The applied EQ looks like a relatively minor change on the screen but boy, did it sound a whole lot better. I’m using 1/12 oct averaging, which is lower resolution than I usually prefer but because of the low coherence and nasty room problems, more averaging clarified the general trends for me in this case.

We’re dealing in broad strokes here, not trying to go in and equalize every single little bump. For a variety of reasons, the small-scale details tend not to be very audible, whereas the ear is incredibly responsive to the wideband stuff. For example, after listening, the HF still sounded too bright and one more dB on the shelf worked wonders. So by focusing on the broad strokes we can make some really big improvements with relatively few (gentle!) filters.

Note the phase response before and after is almost identical. The filters here are so low-Q that there’s virtually no change. This would not be the case for really narrow, high-Q filters, which are all too often adopted by the “autoEQ” plugins, etc. The phase shift itself is of course not audible, but the resonances certainly can be.

Now let’s go back and see the Post-EQ left compared to the right channel.

The matched phase traces indicate matched arrival times at the listening position (see part 1), and so looking next at the magnitude trace on top, we can see further issues: the right loudspeaker (brown trace) is significantly louder than the left side. If it’s within a dB it’s nothing to write home about but these graphs have a vertical scaling of 3 dB / division so what we’re seeing here is significant. (It’s also audible. It’s important to always check these things as we go. A simple listening test can prevent you from making bad decisions based on improper or incomplete data. It’s important to remember that the analyzer simply gives us more data, and it’s up to us to interpret that data and make an informed decision.)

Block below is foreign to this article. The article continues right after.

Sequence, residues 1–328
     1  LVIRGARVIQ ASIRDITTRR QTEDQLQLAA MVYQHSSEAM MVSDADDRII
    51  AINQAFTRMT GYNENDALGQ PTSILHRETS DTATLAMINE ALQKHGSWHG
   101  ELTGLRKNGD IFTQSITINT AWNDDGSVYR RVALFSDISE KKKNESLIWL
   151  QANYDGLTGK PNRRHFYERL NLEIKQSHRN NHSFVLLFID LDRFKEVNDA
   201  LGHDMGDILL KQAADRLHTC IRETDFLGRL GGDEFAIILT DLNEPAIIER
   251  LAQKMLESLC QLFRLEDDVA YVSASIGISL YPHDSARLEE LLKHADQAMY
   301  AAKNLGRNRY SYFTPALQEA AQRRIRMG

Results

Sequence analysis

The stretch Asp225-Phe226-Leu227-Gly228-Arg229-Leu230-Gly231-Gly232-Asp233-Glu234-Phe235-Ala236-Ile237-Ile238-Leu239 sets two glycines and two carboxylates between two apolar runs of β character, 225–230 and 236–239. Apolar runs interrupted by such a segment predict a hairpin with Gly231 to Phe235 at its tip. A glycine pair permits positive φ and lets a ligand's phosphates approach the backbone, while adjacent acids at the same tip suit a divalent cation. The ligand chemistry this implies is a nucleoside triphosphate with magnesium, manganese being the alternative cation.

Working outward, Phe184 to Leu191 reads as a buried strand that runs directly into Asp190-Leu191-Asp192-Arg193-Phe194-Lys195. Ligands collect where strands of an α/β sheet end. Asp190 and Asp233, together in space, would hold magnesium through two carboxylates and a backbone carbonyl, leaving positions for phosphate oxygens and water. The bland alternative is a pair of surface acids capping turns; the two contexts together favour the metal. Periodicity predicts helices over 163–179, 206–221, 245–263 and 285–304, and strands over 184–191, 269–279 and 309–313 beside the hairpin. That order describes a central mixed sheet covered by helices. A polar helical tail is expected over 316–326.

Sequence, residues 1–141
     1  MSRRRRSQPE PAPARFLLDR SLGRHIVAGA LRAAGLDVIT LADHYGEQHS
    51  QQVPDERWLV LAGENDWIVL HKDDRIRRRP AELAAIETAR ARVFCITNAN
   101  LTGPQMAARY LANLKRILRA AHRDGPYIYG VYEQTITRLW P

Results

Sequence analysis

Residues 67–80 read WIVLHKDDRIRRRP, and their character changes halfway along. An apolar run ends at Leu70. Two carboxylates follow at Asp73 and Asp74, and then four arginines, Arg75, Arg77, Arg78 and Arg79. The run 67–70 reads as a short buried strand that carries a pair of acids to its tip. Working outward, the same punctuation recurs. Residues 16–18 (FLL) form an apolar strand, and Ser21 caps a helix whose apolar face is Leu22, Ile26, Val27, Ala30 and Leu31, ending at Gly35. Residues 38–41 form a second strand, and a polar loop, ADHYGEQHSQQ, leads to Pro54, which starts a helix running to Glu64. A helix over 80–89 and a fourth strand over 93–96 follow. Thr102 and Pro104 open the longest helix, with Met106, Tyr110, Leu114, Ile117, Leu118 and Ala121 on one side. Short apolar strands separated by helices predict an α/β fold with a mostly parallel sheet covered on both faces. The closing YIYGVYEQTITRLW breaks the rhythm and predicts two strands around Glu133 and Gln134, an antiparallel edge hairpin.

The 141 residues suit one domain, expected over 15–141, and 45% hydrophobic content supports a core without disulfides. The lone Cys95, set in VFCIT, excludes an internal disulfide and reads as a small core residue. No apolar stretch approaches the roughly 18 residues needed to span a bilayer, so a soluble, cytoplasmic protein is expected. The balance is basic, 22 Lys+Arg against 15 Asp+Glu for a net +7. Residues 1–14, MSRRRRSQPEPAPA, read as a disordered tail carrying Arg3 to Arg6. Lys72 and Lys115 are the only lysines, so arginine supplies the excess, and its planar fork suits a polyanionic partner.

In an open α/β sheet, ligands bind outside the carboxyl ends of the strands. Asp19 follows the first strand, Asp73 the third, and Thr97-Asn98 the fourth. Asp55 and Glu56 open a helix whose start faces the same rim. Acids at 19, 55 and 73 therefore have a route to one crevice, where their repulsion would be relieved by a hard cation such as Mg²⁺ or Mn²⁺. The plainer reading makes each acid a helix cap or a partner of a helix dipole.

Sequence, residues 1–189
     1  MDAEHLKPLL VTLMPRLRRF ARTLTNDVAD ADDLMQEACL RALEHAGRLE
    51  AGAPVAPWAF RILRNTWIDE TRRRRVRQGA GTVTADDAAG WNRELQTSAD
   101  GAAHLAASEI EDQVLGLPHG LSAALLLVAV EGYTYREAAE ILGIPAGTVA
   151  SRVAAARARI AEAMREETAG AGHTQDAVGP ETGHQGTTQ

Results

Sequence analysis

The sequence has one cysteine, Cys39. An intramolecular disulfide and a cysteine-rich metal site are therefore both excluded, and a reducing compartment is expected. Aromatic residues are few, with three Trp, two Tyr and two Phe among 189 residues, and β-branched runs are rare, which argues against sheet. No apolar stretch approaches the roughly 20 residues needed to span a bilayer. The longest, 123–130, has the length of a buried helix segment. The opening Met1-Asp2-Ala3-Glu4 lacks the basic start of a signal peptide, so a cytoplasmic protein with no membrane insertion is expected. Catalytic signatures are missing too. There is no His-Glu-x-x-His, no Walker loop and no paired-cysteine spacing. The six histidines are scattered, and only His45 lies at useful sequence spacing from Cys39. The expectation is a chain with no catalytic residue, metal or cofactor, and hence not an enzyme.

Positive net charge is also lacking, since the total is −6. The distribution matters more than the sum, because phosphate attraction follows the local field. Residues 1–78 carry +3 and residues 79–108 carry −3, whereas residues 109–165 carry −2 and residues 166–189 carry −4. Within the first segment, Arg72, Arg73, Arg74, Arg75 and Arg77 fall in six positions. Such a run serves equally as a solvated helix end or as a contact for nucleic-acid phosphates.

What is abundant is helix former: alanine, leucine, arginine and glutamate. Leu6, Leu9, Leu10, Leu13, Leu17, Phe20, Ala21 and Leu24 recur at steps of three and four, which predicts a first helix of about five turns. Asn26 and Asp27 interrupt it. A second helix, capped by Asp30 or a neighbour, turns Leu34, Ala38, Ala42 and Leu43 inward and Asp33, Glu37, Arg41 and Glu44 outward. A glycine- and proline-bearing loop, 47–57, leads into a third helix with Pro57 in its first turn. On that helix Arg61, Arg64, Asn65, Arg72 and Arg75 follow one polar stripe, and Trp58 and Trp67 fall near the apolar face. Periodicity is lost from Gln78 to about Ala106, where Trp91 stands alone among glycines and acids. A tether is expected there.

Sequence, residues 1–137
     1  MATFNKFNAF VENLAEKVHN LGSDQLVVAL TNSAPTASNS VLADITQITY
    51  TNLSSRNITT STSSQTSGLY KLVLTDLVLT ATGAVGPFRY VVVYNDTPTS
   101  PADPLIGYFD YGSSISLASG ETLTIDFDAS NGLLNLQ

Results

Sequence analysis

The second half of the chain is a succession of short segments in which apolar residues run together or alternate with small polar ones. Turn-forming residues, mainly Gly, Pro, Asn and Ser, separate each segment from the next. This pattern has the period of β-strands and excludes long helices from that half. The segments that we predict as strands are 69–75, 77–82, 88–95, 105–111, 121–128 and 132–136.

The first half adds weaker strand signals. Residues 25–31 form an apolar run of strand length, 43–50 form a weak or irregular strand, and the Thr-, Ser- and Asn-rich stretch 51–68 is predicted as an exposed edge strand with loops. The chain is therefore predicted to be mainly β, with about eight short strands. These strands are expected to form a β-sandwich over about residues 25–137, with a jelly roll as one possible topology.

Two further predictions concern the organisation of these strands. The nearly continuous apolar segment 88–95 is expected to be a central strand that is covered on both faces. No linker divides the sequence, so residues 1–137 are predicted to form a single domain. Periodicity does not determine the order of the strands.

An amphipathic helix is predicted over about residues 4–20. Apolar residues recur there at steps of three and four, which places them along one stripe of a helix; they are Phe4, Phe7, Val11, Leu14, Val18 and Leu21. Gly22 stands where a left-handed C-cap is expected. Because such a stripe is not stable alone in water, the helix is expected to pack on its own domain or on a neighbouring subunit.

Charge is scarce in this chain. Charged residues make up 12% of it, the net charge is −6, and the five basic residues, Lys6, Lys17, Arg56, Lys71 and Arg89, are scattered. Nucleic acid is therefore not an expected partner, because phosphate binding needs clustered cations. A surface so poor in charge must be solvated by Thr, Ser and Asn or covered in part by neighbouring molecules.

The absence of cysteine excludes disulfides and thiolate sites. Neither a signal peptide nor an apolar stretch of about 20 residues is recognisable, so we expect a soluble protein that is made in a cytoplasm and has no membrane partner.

So we need a gain change. How much? It’s easy to offset traces in the software until they line up – in this case it ended up being 4 dB. That’s larger than a manufacturing tolerance, so before cranking the gain in DSP it helps to actually determine what the issue is. In this case, one of the input gain blocks in the loudspeaker’s onboard DSP was set incorrectly, and after removing the attenuation, L and R lined up just fine.

Right’s just a smidge higher, but that’s okay because we’re looking at its unequalized response vs Left’s equalized response. Since most of the EQ work will be subtractive, this is nothing to be concerned about.

Right-side EQ choices were similarly sparing:

Red trace is post-EQ.

and here’s L and R together:

Considering the bad room, L and R are pretty well matched in a tonal sense. The EQ necessary for this was asymmetrical, because the room itself – as well as the loudspeakers’ placement within – is also asymmetrical.

Focus on the white line, because even bypassed filters contribute to the blue shading for some reason. Note that the macro trends are the same: gentle cuts in the lo-mid and the HF. I ended up with two cascaded HF shelf cuts to get it to sound right up top – again, the analyzer cannot provide this data. Trust your ears, but then look at the analyzer so we can correlate what we’re seeing with what sounds good.